Amelie Bimberg | André Kempe | Oliver Thill  

Over the last three decades, architectural production appears to decline under the global influence of neoliberalism. Contemporary architecture is asked to be cheap, neutral and adaptable – basically it is asked to be nothing but easy. Risks of any kind shall be avoided. Requests put forward are ever so often limited to aspects of great comfort, a sense of security and so called ‘sustainability’. Rarely, architectural expression is considered an essential part of the discussion. At best, it is degraded to a personal issue of the architect. Beauty – once it costs money – becomes a problem rather than a cultural intention. One might say, there is nothing for architecture to express. Aside from the omnipresent power of the market, a common objective for the 21st century’s built environment seems out of sight.

The research “architecture in the age of neo-liberalism” is centered around conversations with prominent figures of the European architecture discourse. By discussing their attitudes towards the relation of contemporary architecture, society and economic pressure, not the “how” but the “why” of each practice is highlighted. In order to deviate from popular yet unprecise terms of the periphery, the research is organized around architecture’s classical categories: Form, Ornament, Monument, Structure, ... Questioning as to what extent these concepts are in danger or simply in need of rewritten meaning.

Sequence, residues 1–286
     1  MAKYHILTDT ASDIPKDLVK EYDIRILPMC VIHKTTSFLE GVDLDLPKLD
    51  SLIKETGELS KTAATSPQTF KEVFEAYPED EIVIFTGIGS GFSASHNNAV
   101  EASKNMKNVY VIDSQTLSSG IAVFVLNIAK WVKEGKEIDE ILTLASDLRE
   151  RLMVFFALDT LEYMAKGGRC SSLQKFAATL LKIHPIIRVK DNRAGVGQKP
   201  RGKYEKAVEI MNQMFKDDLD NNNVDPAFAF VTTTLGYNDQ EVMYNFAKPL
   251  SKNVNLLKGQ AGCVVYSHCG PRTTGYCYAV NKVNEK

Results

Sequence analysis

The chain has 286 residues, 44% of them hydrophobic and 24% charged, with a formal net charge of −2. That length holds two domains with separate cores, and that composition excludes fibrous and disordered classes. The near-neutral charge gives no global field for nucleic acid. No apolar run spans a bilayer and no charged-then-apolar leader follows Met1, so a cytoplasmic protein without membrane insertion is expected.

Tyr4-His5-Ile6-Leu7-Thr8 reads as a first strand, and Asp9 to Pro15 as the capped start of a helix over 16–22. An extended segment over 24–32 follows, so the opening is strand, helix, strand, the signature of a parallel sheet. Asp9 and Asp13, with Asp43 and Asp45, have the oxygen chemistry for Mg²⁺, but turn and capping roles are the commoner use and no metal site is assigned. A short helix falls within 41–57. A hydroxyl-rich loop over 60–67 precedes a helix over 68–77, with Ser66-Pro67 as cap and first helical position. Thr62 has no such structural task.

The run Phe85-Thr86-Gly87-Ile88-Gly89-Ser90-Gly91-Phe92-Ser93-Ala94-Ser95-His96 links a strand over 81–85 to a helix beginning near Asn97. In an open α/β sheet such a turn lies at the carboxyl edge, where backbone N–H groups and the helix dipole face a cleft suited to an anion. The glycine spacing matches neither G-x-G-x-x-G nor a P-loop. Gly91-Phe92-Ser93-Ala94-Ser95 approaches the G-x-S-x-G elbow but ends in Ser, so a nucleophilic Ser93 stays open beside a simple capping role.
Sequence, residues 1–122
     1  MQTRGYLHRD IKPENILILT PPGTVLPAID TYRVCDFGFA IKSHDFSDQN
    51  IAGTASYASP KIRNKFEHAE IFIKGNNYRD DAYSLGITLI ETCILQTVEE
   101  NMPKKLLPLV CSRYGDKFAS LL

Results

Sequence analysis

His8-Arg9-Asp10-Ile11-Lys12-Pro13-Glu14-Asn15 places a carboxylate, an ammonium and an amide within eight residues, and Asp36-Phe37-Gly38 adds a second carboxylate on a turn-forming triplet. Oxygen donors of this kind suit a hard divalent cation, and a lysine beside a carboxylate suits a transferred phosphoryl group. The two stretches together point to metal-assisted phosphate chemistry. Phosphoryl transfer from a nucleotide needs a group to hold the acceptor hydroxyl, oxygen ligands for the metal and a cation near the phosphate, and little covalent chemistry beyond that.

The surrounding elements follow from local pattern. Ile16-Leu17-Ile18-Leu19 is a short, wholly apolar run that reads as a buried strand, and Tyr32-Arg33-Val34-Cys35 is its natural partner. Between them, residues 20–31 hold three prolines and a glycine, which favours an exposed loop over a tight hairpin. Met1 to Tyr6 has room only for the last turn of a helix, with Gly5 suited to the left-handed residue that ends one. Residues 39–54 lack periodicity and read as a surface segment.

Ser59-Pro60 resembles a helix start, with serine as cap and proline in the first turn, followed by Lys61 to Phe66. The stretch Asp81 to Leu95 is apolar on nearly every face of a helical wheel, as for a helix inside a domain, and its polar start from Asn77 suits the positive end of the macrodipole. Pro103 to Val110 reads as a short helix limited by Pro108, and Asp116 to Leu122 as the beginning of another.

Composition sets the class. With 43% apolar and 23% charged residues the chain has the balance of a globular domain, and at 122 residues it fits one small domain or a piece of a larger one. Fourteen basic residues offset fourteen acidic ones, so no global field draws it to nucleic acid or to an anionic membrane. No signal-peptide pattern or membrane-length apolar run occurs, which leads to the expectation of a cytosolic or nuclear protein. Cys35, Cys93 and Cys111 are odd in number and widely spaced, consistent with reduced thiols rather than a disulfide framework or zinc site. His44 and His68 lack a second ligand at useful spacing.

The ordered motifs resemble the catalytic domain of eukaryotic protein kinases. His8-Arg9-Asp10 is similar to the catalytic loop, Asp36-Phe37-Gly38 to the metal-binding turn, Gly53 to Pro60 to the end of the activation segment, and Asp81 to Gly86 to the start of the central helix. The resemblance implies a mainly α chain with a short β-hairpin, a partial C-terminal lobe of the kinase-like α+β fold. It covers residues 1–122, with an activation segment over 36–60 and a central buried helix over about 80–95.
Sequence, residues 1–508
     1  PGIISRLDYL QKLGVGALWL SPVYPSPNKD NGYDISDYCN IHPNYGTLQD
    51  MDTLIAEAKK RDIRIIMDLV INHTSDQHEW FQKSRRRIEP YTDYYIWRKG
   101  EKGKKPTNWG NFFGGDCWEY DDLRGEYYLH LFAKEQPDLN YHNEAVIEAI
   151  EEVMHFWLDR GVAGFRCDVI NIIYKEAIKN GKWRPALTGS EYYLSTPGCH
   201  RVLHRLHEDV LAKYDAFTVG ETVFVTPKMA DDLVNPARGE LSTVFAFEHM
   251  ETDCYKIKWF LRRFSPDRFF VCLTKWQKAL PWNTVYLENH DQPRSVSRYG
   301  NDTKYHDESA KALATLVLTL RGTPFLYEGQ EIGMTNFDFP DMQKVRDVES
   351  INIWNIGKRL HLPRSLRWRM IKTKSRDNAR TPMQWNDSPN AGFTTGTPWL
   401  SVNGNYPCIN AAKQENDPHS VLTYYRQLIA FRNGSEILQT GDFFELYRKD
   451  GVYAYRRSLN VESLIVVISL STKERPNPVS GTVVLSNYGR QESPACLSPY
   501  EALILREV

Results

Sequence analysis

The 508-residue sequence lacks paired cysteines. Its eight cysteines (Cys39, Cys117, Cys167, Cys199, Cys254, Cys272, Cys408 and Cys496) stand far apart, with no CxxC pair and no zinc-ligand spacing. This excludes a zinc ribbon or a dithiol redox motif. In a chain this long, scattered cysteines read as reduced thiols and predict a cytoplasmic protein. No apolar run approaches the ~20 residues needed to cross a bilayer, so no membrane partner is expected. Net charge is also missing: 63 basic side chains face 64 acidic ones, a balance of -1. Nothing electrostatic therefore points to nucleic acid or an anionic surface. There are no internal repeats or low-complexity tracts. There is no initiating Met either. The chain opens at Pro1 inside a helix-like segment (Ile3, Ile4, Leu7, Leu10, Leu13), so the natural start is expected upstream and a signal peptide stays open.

An accompanying publication project aims to collate various forms of fleeting conversation into writing. All guests are invited for lectures in Hanover, followed by seminars with student groups as well as interviews with André Kempe, Oliver Thill and Amelie Bimberg. We now look back on a semester focusing on FORM with Anne-Julchen Bernhardt, Job Floris, Kersten Geers and Kuehn Malvezzi as well as a Semester on ORNAMENT with Dirk Somers, Thomas Padmanabhan, Hans Kollhoff and Ambra Fabi.